Transcript of How to Turn Marketing Costs Into Profit

Back to Podcast

Transcript

John Jantsch: I have seen the future of marketing, and it is killing me. Well, no. That’s not really true, but in this episode of The Duct Tape Marketing podcast I do speak with Joe Pulizzi and Robert Rose, authors of Killing Marketing: How Innovative Businesses are Turning Marketing Costs into Profit.

Fascinating, something that obviously applies to the mammoth Netflix and Amazons of the world, but I think that this is an approach that actually might apply to just about any business going today and how to get them think completely differently about everything that they do in marketing. Check it out.

Hello and welcome to another episode of The Duct Tape Marketing podcast. This is John Jantsch and my guests, yes that’s plural, Joe Pulizzi, founder of Content Marketing Institute, and Robert Rose, the chief strategy advisor of the same. We’re gonna talk about the new book by both of them today called Killing Marketing: How Innovate Businesses are Turning Marketing Cost into Profit. So Joe, Robert, thanks for joining me.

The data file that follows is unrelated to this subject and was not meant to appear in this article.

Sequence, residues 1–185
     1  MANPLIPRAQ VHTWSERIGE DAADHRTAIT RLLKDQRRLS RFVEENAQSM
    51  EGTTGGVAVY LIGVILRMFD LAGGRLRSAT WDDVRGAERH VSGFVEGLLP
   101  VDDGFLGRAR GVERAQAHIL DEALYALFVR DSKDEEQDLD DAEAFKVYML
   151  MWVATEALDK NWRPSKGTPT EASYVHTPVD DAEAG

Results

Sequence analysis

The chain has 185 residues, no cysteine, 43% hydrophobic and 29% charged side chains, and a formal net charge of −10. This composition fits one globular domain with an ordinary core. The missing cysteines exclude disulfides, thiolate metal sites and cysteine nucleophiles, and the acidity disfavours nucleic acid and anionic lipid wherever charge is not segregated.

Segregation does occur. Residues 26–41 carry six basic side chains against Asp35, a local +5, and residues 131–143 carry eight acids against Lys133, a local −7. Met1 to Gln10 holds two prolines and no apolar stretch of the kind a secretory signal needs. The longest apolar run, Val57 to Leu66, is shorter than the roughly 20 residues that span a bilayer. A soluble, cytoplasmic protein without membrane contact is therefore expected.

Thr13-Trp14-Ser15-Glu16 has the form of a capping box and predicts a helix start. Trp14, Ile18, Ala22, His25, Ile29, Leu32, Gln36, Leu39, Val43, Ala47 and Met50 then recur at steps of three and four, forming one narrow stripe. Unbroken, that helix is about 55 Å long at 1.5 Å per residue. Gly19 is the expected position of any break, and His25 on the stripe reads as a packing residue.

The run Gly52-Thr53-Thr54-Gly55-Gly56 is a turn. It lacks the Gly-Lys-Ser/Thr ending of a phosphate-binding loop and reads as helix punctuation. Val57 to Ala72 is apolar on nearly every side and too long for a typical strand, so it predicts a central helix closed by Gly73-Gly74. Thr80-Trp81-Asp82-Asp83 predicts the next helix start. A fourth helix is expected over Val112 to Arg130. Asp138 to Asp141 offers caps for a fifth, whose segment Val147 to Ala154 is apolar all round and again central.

Joe Pulizzi: Thanks for having us.

Robert Rose: John, thank you so much. Oh, this is super fun. Appreciate it.

John Jantsch: Yeah. So this is … How many books for you guys together? Like three or four?

Robert Rose: I think it says 70 something.

Joe Pulizzi: Yeah. It’s in the 70s.

Robert Rose: Actually, believe it or not, this is only our second book together.

John Jantsch: Only your second one together. Okay.

Robert Rose: Yeah. Mm-hmm (affirmative).

John Jantsch: Did you do this one different? I know in this book you’ve kind of got here’s Joe’s chapter. Here’s Robert’s chapter. That’s not what you did in the last one though, is it?

Joe Pulizzi: No, the last one was completely different. The last one really was Robert’s brain child and I sort of tagged along with him. And the different thing about this one is we sort of came up with this concept almost at the same time, like this story has to be told. And we both had different areas of focus that we wanted to focus on, which worked out great and now we, as you said, we just sort of said Joe, you take this one. Robert, you take this one.